Why is the question “What are we” so important at the beginning of a relationship?


Why is the question “What are we” so important at the beginning of a relationship?

It’s hard to imagine in today’s dating world, but there was a time when the fact that you were spending a lot of time together, seeing each other, kissing and sleeping together was a clear sign that you wanted to be together or that you really wanted to be together. is. Maybe even want to get married. There was a time when the saying “Who cuddles is fix zam” was not just a joke. A time before Situationships and the question: “What are we? Where are we actually going?”.

While the three words “I love you” used to clearly define the status of a relationship, “What are we?” superseded. Because you can’t just assume that both want the same thing and give the relationship the same value and potential. And yes, many people who date are tired of this trend. But it also brings freedom and opportunity.

Couple psychologist Esther Perel devotes an entire blog post to this question and situationships on her website, stating, “Situationships are difficult to define and even more difficult to grieve. Many of us worry that asking ‘What are we?’ destroys the playful, light-hearted nature of budding love and the arrangement could quickly lead to an awkward ending. But it doesn’t have to be, whether we’re content with the status quo (separate lives bound by mutual affection) or not we wish for a closer connection, the conversation about the question ‘What are we?’ an important part of creating a shared reality with healthy boundaries and expectations.”

Absolute freedom
Because by clarifying the situation and the limits and rules, you can avoid being hurt unnecessarily or hurting the other. And yes, at the beginning of this undefined relationship, not knowing where this is all going can have its own magic. As long as there is no definition, there are no expectations. And that means that every moment you spend together is only because you want it to. Every joint experience does not happen because of expectations, but because of deep affection. And that freedom can feel incredible.

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No rules
At the same time, with freedom comes insecurity. And while one person might want classic life goals like kids, a home, and marriage, that’s not what the second person has in mind. Dating was easier back in the days when that question was redundant. You looked for a spouse, got married, stayed together until the end of days. There were clear social norms and a checklist.

Today, many singles are alone for longer, get divorced and throw themselves back into the dating market later or don’t want to stake out the classic goals. Many want to keep their independence or their own life in a relationship and are not ready to connect their life 100% with the second person. And that’s not necessarily a problem.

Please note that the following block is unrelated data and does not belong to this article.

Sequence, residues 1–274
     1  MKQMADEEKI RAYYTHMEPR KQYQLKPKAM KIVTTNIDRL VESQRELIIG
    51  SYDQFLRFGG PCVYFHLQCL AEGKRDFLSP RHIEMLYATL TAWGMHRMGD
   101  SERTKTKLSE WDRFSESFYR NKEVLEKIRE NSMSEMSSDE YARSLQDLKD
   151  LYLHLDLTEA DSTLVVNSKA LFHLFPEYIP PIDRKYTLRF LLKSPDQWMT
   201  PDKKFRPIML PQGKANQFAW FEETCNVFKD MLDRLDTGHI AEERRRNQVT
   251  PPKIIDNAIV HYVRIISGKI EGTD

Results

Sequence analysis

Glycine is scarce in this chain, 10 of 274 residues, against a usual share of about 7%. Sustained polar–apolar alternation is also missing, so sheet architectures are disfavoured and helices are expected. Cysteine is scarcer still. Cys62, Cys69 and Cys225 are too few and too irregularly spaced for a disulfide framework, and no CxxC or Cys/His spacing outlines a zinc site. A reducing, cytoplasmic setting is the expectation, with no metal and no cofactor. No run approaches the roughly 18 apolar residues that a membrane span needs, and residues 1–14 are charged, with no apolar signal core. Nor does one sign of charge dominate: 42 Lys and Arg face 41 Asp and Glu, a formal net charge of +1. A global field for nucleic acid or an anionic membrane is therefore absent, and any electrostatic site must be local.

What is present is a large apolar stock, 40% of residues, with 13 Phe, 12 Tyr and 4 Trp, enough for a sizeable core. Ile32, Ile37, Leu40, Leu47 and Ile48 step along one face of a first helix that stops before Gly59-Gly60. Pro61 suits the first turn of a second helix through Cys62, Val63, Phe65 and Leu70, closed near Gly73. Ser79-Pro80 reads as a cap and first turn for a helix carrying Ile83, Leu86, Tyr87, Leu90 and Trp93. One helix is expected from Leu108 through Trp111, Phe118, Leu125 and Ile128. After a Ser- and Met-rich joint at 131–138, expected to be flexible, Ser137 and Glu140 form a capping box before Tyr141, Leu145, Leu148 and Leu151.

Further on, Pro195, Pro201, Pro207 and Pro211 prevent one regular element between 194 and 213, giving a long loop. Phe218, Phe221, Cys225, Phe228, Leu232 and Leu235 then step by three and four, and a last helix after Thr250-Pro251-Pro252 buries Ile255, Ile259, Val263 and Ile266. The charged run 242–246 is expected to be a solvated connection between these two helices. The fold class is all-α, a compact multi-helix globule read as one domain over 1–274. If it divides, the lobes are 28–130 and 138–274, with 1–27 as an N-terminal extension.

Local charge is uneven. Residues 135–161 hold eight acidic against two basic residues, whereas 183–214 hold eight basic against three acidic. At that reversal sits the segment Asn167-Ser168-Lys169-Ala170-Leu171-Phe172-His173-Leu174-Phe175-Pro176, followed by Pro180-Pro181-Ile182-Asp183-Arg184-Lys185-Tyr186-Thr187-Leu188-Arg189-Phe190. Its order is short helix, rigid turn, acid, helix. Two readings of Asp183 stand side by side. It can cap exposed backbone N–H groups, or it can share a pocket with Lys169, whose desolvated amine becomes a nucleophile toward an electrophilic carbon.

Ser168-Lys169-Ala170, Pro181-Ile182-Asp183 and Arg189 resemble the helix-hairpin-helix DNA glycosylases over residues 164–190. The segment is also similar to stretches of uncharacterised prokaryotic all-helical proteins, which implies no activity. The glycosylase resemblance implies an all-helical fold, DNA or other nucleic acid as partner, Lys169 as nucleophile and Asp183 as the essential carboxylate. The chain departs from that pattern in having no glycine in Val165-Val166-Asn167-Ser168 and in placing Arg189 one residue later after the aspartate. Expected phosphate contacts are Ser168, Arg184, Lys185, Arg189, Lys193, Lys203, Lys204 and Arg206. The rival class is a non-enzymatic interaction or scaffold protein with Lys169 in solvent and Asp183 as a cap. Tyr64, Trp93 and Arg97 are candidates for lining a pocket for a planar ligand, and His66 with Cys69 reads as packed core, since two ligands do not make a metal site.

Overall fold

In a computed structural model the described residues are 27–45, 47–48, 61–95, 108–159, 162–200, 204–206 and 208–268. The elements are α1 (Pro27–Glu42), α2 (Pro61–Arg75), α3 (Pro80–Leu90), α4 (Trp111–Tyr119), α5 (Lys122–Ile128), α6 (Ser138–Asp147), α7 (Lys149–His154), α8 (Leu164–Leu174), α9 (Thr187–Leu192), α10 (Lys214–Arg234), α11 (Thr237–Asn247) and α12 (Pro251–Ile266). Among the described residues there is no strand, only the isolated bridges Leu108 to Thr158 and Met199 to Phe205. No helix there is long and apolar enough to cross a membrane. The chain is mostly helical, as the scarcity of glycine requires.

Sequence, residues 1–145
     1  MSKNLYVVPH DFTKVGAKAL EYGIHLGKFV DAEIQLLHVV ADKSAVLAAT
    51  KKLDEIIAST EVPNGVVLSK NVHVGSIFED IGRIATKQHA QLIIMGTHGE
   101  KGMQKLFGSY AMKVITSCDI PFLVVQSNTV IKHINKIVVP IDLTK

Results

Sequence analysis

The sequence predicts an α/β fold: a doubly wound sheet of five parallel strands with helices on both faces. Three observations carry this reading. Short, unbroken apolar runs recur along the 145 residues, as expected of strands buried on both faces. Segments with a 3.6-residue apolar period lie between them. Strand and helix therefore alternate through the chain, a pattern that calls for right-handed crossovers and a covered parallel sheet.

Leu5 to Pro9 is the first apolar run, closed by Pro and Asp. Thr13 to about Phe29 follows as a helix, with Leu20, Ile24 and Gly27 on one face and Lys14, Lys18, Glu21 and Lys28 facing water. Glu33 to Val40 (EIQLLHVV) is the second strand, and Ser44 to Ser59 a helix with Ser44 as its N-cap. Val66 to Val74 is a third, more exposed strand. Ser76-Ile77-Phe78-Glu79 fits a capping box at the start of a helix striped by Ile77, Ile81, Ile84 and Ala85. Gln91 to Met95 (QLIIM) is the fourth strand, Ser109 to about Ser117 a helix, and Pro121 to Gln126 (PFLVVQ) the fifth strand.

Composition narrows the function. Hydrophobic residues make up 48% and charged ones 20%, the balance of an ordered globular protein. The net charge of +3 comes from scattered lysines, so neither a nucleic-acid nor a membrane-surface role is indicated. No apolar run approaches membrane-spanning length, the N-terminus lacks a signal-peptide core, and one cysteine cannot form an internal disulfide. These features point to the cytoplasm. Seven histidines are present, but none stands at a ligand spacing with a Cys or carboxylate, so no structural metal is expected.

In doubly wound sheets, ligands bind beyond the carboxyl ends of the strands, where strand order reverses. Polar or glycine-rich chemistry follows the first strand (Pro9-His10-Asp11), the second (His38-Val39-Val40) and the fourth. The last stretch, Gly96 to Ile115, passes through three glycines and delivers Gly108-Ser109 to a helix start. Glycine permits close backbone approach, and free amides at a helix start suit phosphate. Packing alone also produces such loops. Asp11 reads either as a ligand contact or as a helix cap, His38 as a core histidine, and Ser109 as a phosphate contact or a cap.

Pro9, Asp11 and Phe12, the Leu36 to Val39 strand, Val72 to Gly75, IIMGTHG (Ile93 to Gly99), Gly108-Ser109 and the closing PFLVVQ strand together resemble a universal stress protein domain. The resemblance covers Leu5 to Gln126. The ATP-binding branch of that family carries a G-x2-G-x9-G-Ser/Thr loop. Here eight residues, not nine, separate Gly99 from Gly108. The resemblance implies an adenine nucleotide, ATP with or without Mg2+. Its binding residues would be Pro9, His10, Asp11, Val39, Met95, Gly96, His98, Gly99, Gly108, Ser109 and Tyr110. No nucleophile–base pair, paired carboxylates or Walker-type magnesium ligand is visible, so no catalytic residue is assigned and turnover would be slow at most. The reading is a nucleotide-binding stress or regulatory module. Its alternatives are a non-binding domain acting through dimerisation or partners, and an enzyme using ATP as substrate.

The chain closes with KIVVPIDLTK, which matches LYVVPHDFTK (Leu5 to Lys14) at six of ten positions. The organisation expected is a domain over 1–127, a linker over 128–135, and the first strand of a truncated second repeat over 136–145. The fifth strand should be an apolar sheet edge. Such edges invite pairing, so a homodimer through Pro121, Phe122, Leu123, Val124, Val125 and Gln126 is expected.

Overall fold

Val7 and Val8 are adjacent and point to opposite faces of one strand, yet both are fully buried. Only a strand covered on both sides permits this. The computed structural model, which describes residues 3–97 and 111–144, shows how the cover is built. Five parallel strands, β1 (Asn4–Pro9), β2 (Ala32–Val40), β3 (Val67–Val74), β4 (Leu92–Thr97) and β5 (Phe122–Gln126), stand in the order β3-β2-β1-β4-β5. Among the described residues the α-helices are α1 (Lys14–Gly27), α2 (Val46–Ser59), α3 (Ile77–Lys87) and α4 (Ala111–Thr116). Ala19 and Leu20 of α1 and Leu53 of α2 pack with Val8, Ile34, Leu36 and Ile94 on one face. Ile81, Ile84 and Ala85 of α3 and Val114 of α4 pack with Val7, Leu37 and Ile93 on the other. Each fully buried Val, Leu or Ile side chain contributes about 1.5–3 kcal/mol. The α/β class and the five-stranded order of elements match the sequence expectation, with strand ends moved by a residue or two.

Esther Perel explains, “We can love someone and not want to tie our lives together. We can love someone and want to keep things casual. We can love – and have relationships with – multiple people at the same time if we’re all on the same page. It helps to consider the needs and desires of both sides… and that requires honest conversations. Modern love comes in many forms. And if we don’t talk about which form we want, we have to assume that we have the same thing want.”

talk it out
Everyone needs freedom and security. Only how much of these two components is necessary for someone to feel comfortable differs. There are no wrong answers here. Esther Perel warns against not honestly saying what you want when asked what you want from this relationship, but saying what your partner wants to hear. And even if the answers are different at first glance, it makes sense to ask: Does the word or the definition of partner bother you? What rules are you uncomfortable with? what can you imagine Or is it me?

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Perhaps the problem is less the feelings you have for each other and more the definitions or norms that society has. You may not come together in this negotiation. And that can hurt. That’s perfectly fine too. You don’t have to downplay the pain and say, “But we weren’t even together.”

Esther Perel suggests remembering that people we love are not necessarily the same people we can build a life with. Life stories are not the same as love stories. We can have a wonderful short love, detached from the reality of our lives, and it can be a perfect love story. But that doesn’t mean that this story has much to do with our lives and the ideas we have of them.

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